Especially now, where Parliament has essentially devolved into regional rump parties, and the Government of the moment uses their power to pay back/buy supporters rather than have the greater interests of the country at heart. The feds should be providing national vision, protection of the nation, and settlement/leadership/funding on issues of National importance.
You make a lot of good points about the buffoonery that thrives in Parliament.

Who wants to get involved in that?

That said, in Quebec I suggest that we handle our own national vision as Quebec is our nation.

Canada is more like a framework for military defence, not our nation. Not any more than Vermont is.

Which is why I am proud that in Quebec we still refuse to sign the ever-dubious Canadian constitution; to sign it would be an admission that we see Canada as a nation instead of a loose alliance.
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Old 09-11-2019, 10:27 PM
 
34,919 posts, read 42,140,185 times
Reputation: 30301
Quote:
Originally Posted by PBeauchamp View Post
You make a lot of good points about the buffoonery that thrives in Parliament.

Who wants to get involved in that?

That said, in Quebec I suggest that we handle our own national vision as Quebec is our nation.

Canada is more like a framework for military defence, not our nation. Not any more than Vermont is.

Which is why I am proud that in Quebec we still refuse to sign the ever-dubious Canadian constitution; to sign it would be an admission that we see Canada as a nation instead of a loose alliance.
Sounds like some one needs to separate from Canada to realise that vision,until then Quebec is just a Canadian parasite.
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Old 09-11-2019, 11:09 PM
 
Location: The State Of California
9,559 posts, read 12,483,170 times
Reputation: 3691
Quote:
Originally Posted by limelightkid View Post
All the way back to the 1800's Canadians have been documented as having a staple inferiority complex vs. their more famous American brothers. In 1949 the Empire Club of Canada addressed this topic in a speech titled "That Inferiority Complex".

"Where the American in general is responsive to every new development afoot in the United States-the Canadian in general remains aloof, reserved, disinterested in significant happenings within his country.."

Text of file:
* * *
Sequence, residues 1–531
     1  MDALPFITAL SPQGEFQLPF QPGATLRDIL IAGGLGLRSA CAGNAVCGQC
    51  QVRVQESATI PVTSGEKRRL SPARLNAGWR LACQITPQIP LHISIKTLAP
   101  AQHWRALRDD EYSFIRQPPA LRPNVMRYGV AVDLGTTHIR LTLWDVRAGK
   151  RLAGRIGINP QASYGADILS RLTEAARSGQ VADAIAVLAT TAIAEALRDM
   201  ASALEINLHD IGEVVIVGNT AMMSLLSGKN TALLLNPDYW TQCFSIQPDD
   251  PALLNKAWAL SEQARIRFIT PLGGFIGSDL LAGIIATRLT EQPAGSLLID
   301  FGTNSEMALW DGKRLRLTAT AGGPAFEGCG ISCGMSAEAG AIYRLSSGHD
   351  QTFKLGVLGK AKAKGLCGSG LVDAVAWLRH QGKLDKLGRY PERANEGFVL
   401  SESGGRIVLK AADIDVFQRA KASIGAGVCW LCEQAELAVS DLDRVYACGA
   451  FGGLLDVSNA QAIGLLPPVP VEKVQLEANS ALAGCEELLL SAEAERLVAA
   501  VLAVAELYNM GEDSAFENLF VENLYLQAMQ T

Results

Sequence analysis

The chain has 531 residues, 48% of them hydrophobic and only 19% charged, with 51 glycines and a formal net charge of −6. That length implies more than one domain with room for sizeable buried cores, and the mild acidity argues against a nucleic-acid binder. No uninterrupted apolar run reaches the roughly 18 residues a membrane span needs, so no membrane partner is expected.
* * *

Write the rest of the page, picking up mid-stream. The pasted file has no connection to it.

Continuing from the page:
It has been argued that the complex is the result of Canada's failure to develop a real culture compared to the world's nations and especially the sibling next door. "But the failure to develop an important body of Canadian literature is due to an even more fundamental failure".

Today the complex stays with us and is greater than ever. It has even entered national matters of politics. Barack Obama's diplomats suggested that Canada should be the first country he visits because it would "do much to diminish -- temporarily at least -- Canada's habitual inferiority complex vis-a-vis the U.S. and its chronic but accurate complaint that the U.S. pays far less attention to Canada than Canada does to [the U.S.]." So even Barack Obama took this complex quite seriously.

Despite Canada being a fairly successful place as far as the countries of the world goes, many Canadians find it hard not to constantly compare themselves to Americans. A comparison that will in the large majority of cases only feed the inferiority complex and foster a juvenile need to strike back at the imaginary belligerent.

The desperate need for attention is also debilitating our country and leading to very real economic problems. There is the subject of the well-known brain drain, the phenomenon of Canada's best and brightest moving to America, especially in fields that are the most important to future development. Nearly 2/3 of software engineers move to the U.S. among other essential fields.

Mod cut: copyrighted images.



The truth is that most Canadians with the option move to America at their first available opportunity. Even Wayne Gretzky has been called out for his supposed abandonment of Canada. But in this case we are subsidising universities that are training talented professionals for the American market. "America or bust" is the thought process. How does that make sense for Canada?